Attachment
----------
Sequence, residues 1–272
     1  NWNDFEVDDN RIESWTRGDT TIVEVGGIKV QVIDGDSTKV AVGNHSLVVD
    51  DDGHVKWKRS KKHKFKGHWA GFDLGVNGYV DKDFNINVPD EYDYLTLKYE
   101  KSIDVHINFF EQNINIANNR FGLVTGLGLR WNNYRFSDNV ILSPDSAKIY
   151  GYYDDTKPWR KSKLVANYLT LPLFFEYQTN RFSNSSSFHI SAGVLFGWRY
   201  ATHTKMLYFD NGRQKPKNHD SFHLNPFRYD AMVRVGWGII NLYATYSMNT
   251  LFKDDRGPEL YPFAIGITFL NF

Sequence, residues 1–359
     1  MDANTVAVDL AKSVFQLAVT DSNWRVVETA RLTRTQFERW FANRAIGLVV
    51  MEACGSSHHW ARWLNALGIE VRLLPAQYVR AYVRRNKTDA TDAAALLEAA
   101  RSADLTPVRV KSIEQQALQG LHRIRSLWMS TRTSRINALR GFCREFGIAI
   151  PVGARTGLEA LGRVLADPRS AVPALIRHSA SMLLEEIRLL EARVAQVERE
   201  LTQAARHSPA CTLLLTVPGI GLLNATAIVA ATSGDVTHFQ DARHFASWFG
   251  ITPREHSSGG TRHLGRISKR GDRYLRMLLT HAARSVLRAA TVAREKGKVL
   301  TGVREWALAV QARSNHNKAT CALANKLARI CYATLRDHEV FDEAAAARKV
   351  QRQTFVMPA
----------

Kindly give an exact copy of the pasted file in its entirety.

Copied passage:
Sequence, residues 1–272
     1  NWNDFEVDDN RIESWTRGDT TIVEVGGIKV QVIDGDSTKV AVGNHSLVVD
    51  DDGHVKWKRS KKHKFKGHWA GFDLGVNGYV DKDFNINVPD EYDYLTLKYE
   101  KSIDVHINFF EQNINIANNR FGLVTGLGLR WNNYRFSDNV ILSPDSAKIY
   151  GYYDDTKPWR KSKLVANYLT LPLFFEYQTN RFSNSSSFHI SAGVLFGWRY
   201  ATHTKMLYFD NGRQKPKNHD SFHLNPFRYD AMVRVGWGII NLYATYSMNT
   251  LFKDDRGPEL YPFAIGITFL NF

Sequence, residues 1–359
     1  MDANTVAVDL AKSVFQLAVT DSNWRVVETA RLTRTQFERW FANRAIGLVV
    51  MEACGSSHHW ARWLNALGIE VRLLPAQYVR AYVRRNKTDA TDAAALLEAA
   101  RSADLTPVRV KSIEQQALQG LHRIRSLWMS TRTSRINALR GFCREFGIAI
   151  PVGARTGLEA LGRVLADPRS AVPALIRHSA SMLLEEIRLL EARVAQVERE
   201  LTQAARHSPA CTLLLTVPGI GLLNATAIVA ATSGDVTHFQ DARHFASWFG
   251  ITPREHSSGG TRHLGRISKR GDRYLRMLLT HAARSVLRAA TVAREKGKVL
   301  TGVREWALAV QARSNHNKAT CALANKLARI CYATLRDHEV FDEAAAARKV
   351  QRQTFVMPA